Born in Tennessee, after a stint in the U.S. Marines Howser worked in television, first at WSM in Nashville, where he produced “human interest” stories for the station. He later moved to Los Angeles, where he was a newscaster. But he preferred the human interest features, so he moved to the local PBS station to do them full time. For 19 years, his show California’s Gold highlighted his adopted state, featuring small towns, landmarks, events or people he found interesting. (I happened to watch his piece on the Yosemite firefall — which I can remember seeing live — just last week on Youtube).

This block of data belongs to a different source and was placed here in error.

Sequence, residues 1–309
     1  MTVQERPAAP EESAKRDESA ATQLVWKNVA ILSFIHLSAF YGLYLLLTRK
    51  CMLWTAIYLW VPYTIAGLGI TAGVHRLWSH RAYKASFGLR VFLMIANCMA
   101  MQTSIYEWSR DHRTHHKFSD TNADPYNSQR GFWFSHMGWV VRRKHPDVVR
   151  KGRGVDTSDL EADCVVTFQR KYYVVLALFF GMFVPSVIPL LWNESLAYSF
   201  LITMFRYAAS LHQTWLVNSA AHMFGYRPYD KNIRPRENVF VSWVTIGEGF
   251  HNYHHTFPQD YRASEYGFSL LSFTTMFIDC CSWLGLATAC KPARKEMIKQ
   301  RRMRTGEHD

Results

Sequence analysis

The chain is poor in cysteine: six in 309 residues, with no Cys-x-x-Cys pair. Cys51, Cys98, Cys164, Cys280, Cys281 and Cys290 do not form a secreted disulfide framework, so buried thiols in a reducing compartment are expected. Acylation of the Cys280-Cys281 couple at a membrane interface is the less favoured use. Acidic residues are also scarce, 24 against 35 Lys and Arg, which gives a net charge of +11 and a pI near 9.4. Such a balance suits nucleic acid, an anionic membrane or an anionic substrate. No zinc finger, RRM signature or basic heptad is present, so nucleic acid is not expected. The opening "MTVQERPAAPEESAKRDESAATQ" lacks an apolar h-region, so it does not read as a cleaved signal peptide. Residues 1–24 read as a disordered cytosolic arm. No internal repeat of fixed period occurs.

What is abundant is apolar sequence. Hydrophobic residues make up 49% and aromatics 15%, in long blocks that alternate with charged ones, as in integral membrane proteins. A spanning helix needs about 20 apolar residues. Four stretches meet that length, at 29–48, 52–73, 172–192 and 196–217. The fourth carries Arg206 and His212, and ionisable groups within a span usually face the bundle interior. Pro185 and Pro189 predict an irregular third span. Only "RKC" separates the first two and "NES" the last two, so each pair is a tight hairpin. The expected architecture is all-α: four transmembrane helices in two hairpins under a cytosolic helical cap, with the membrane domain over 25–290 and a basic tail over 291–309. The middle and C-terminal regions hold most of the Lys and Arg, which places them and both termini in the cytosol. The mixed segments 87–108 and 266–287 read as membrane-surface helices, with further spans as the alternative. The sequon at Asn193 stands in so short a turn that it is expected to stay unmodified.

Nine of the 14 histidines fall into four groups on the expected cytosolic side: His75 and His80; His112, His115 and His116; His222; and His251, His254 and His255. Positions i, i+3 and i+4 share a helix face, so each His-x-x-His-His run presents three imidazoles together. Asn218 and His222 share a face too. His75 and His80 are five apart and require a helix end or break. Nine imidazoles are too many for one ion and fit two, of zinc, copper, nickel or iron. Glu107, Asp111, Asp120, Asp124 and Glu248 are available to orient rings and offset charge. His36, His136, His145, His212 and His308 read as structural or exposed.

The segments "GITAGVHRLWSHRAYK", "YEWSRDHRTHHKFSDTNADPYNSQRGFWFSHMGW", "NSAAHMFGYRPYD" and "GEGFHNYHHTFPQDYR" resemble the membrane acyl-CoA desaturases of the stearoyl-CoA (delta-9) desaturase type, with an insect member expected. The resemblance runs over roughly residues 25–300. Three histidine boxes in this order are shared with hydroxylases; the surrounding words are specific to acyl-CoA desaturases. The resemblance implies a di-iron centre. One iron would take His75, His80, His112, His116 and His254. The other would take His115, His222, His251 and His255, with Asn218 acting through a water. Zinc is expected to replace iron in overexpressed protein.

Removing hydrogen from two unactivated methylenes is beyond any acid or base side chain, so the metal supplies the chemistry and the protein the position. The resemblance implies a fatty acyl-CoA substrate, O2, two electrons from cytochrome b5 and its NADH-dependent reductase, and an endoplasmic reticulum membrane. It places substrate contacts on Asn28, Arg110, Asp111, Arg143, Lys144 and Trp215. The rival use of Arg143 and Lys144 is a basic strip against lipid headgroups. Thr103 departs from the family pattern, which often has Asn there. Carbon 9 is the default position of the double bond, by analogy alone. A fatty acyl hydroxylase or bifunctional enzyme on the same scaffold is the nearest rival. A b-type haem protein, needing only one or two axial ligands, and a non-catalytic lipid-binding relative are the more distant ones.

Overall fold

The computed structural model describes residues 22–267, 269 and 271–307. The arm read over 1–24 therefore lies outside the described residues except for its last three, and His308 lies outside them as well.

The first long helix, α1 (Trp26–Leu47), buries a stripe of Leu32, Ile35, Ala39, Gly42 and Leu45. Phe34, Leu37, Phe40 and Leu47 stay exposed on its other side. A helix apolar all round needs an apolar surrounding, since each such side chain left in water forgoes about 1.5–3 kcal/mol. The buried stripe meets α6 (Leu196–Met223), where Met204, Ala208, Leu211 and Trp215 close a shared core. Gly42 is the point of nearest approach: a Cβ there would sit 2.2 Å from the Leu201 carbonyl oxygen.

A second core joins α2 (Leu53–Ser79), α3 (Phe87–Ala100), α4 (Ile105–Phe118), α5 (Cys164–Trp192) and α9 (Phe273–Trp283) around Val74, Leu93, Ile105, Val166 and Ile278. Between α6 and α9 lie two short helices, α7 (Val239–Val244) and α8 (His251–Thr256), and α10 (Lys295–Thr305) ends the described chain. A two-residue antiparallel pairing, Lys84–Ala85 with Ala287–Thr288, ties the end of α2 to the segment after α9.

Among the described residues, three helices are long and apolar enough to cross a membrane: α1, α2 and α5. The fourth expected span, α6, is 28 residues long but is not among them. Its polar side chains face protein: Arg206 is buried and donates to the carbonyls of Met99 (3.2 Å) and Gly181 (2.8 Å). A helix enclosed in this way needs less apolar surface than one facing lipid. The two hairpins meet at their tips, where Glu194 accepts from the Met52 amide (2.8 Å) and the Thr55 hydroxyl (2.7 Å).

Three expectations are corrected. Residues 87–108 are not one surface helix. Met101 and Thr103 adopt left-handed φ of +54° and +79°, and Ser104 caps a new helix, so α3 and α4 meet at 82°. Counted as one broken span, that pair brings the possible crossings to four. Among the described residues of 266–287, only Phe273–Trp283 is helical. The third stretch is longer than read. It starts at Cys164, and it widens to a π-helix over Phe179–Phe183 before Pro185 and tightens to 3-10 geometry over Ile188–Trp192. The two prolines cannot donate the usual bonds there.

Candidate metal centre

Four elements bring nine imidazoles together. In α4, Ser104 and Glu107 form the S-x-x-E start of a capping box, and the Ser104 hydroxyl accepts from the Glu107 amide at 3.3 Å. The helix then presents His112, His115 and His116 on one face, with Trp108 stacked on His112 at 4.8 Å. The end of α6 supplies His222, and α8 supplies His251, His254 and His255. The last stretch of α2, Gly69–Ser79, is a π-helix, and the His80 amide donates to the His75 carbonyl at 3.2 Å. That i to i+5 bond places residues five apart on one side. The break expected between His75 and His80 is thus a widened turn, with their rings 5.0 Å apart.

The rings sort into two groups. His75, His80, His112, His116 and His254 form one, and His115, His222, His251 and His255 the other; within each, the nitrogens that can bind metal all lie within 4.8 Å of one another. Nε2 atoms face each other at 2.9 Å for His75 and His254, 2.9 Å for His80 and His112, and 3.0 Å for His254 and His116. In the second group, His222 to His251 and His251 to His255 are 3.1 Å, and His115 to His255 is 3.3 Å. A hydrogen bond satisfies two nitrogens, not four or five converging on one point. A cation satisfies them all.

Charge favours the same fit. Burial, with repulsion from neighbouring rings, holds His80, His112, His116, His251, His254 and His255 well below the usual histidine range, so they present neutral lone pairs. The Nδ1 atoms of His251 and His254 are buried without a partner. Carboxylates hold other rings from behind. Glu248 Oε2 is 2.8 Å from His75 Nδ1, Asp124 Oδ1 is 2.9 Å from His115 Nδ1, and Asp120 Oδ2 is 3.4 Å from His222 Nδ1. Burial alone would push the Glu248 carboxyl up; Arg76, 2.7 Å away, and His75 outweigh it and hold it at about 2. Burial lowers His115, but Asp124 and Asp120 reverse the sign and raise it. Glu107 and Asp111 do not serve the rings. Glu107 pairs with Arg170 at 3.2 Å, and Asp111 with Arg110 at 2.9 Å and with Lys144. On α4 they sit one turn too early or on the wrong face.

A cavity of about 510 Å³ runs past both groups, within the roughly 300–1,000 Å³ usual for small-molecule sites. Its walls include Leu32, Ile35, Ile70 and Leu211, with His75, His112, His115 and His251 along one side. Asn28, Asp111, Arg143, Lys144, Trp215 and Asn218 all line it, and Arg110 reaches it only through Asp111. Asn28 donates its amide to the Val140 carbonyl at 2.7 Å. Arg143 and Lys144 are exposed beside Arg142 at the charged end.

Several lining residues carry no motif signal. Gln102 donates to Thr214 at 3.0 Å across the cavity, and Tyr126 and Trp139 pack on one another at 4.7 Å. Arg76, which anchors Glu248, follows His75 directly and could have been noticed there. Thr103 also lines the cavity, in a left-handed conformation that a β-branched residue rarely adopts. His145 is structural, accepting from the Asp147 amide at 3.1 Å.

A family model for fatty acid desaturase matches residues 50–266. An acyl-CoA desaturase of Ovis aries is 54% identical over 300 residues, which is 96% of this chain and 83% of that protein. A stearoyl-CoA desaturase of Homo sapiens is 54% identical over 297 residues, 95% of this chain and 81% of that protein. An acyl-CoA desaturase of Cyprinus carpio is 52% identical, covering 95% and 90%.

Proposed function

His Tennessee drawl and “that’s AMAZING!” demeanor (he once parodied himself on The Simpsons) was no act: that’s how he was off-camera too. “Sometimes, people say, ‘Are you putting that on?’” he once said. “That’s kind of a sad commentary, don’t you think? Like there’s got to be something wrong with someone who’s enthusiastic and happy like that. Do I have bad days? Yes. Do I get depressed? Yes. Am I concerned about the state of the California economy and budget? I’m not some Pollyanna who doesn’t recognize that there’s hunger and poverty and racism in the world.” But he worked to fix it: he owned the rights to his shows, and made plenty selling DVDs. In 2011 he announced he was donating all of his shows to Chapman University, a private Christian college in Southern California, so the school could digitize them and make them available to a wider audience — and then donated his $750,000 home to the university to help fund the effort. Howser retired November 27 amid rumors he was ill. He died at his home January 7 at 67.